Welcome to the March review of DivGro, my portfolio of dividend growth stocks. Quarter-ending months are exciting, as many of the stocks I own pay dividends in these months and I usually set a new record for monthly dividend income in quarter-ending months.
March did not disappoint. I received dividends totaling $3,220 from 43 stocks in my portfolio, a new record for monthly dividend income! Year over year, DivGro’s dividend income increased by 28%. So far in 2019, I’ve collected $6,724 in dividends or about 27% of my 2019 goal of $25,200.
Looking at how the month’s activities impacted DivGro’s projected annual dividend income (PADI), I note that five DivGro stocks announced dividend increases in March. Additionally, I opened one new position and added shares to five existing positions. On the other hand, I closed out one high-yielding position. Unfortunately, the net result of these changes is that projected annual dividend income (PADI) decreased by about 0.6% in March. Year over year, PADI increased by 39%.
DivGro’s PADI now stands at $25,376, which means I can expect to receive $2,115 in dividend income per month, on average, in perpetuity, assuming the status quo is maintained. Of course, I expect the companies I’ve invested in not only to continue to pay dividends but to also increase them over time. Also, until I retire, I hope to continue reinvesting all dividends, so DivGro’s PADI should continue to grow through dividend growth and through compounding.
In March, I received a total of $3,220 in dividend income from 43 different stocks:
Following is a list of the dividends I collected in March:
- Aflac (AFL) — income of $27.00
- Amgen (AMGN) — income of $36.25
- Broadcom (AVGO) — income of $53.00
- Boeing (BA) — income of $41.10
- BlackRock (BLK) — income of $115.50
- Cummins (CMI) — income of $57.00
- Chevron (CVX) — income of $28.56
- Dominion Energy (D) — income of $91.75
- Digital Realty Trust (DLR) — income of $48.60
- EPR Properties (EPR) — income of $18.75
- Eversource Energy (ES) — income of $53.50
- Extra Space Storage (EXR) — income of $47.30
- Ford Motor (F) — income of $300.00
- Gilead Sciences (GILD) — income of $126.00
- Home Depot (HD) — income of $81.60
- Honeywell International (HON) — income of $41.00
- International Business Machines (IBM) — income of $47.10
- Intel (INTC) — income of $163.81
- International Paper (IP) — income of $50.00
- Johnson & Johnson (JNJ) — income of $111.60
- Lockheed Martin (LMT) — income of $30.80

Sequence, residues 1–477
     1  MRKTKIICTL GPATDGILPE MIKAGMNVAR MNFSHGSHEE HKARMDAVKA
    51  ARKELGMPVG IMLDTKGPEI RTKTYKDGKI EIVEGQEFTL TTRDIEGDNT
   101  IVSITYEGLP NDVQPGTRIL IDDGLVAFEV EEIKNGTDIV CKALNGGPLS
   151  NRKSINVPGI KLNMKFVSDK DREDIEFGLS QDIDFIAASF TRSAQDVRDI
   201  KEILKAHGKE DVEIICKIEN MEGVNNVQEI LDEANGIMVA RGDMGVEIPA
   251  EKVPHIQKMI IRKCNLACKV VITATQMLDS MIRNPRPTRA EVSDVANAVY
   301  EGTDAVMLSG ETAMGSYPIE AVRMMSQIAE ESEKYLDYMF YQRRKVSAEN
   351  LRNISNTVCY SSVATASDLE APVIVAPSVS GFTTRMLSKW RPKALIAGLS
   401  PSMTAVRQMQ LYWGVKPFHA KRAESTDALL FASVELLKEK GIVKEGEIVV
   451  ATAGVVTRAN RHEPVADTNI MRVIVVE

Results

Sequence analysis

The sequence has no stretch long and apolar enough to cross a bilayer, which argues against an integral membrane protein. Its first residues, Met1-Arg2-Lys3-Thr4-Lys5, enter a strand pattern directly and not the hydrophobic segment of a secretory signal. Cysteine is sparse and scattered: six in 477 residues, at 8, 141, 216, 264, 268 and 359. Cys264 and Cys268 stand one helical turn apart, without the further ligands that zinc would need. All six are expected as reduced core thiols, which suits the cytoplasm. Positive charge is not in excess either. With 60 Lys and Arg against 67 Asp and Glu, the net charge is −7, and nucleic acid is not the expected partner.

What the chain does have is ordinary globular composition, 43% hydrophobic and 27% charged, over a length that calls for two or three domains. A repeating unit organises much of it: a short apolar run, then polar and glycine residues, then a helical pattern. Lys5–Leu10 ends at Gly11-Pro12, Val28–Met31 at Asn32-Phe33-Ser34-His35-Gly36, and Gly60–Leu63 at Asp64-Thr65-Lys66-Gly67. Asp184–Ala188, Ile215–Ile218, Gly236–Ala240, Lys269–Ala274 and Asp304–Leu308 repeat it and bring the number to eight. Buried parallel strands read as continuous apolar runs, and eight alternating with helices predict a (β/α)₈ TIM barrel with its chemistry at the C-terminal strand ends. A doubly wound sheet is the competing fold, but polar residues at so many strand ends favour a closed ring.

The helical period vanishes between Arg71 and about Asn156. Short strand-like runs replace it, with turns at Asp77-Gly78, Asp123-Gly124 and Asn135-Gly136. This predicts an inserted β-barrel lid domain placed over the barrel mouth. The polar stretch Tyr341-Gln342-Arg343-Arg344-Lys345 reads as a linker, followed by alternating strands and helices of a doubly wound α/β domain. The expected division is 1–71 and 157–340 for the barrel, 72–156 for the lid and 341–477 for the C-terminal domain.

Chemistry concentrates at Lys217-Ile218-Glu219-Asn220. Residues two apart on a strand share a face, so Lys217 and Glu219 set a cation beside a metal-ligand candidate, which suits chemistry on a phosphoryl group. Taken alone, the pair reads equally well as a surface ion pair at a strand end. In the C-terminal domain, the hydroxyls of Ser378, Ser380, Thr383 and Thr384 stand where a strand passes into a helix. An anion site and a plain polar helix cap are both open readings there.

- Main Street Capital (MAIN) — income of $146.26
- McDonald’s (MCD) — income of $31.32
- 3M (MMM) — income of $36.00
- Microsoft (MSFT) — income of $46.00
- NextEra Energy (NEE) — income of $31.25
- AllianzGI Equity & Convertible Income Fund (NIE) — income of $380.00
- Realty Income (O) — income of $56.38
- PepsiCo (PEP) — income of $18.55
- Pfizer (PFE) — income of $72.00
- Public Storage (PSA) — income of $60.00
- Ross Stores (ROST) — income of $25.50
- Stanley Black & Decker (SWK) — income of $33.00
- TJX (TJX) — income of $39.00
- T. Rowe Price (TROW) — income of $152.00
- Travelers (TRV) — income of $77.00
- UnitedHealth (UNH) — income of $36.00
- Union Pacific (UNP) — income of $35.20
- United Parcel Service (UPS) — income of $33.60
- Visa (V) — income of $4.25
- Valero Energy (VLO) — income of $166.50
- Walgreens Boots Alliance (WBA) — income of $88.00
- Exxon Mobil (XOM) — income of $82.00
The following chart shows DivGro’s monthly dividends plotted against PMDI. Quarter-ending months are huge outliers:
This is one reason that I now create a rolling 12-month average of dividends received (the orange bars) plotted against a rolling 12-month average of PMDI (the blue, staggered line):
While it would be nicer if dividends were distributed more evenly, it is not something that would drive my investment decisions.
In March, the following stocks announced dividend increases:
- General Dynamics (GD) — an increase of 9.68%
- Realty Income — an increase of 0.22%
- Ross Stores — an increase of 13.33%
- Raytheon (RTN) — an increase of 8.65%
- W.P. Carey (WPC) — an increase of 0.19%
These changes will increase DivGro’s PADI by about $39.
I like seeing dividend increases above 7% and three of the five increases top my expectations. As for the REITs O and WPC, they announce dividend increases multiple times per year. O’s year-over-year increase is 2.96%, whereas WPC’s year-over-year increase is 1.67%.
Here is a summary of my transactions in March:
- Merck (MRK) — new position of 30 shares
After opening a small position in Chevron (CVX) in December 2018, MRK was the highest ranked stock in the top 50 holdings of dividend ETFs not in my DivGro portfolio. MRK ranked higher on an aggregate score than several of my Health Care sector holdings and, according to Simply Safe Dividends, MRK has a Very Safe dividend safety score of 98.
I opened a relatively small position of 30 shares at $80.52 per share, as MRK is not trading at my preferred discount to fair value of at least 10%. With this opening position, I’ll be able to track MRK more closely and look for opportunities to add shares at a better valuation.
- Omega Healthcare Investors (OHI) — sold 250 shares and closed position
I decided to close my position in OHI on concerns about the declining fundamentals of OHI’s skilled nursing tenants. OHI has a Borderline Safe dividend safety score of 47, yet the REIT’s yield of 7%+ provides some compensation for the increased risk. Unfortunately, OHI broke a streak of 21 consecutive quarters of dividend increases when it froze its dividend last April, and unless OHI declares another dividend increase in 2019, it will be removed from the CCC list of dividend growth stocks.